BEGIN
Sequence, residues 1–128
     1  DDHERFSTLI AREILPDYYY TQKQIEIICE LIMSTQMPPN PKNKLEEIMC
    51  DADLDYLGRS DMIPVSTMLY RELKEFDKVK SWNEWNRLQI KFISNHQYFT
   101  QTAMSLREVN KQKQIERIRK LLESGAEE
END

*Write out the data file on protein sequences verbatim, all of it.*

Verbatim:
Sequence, residues 1–128
     1  DDHERFSTLI AREILPDYYY TQKQIEIICE LIMSTQMPPN PKNKLEEIMC
    51  DADLDYLGRS DMIPVSTMLY RELKEFDKVK SWNEWNRLQI KFISNHQYFT
   101  QTAMSLREVN KQKQIERIRK LLESGAEE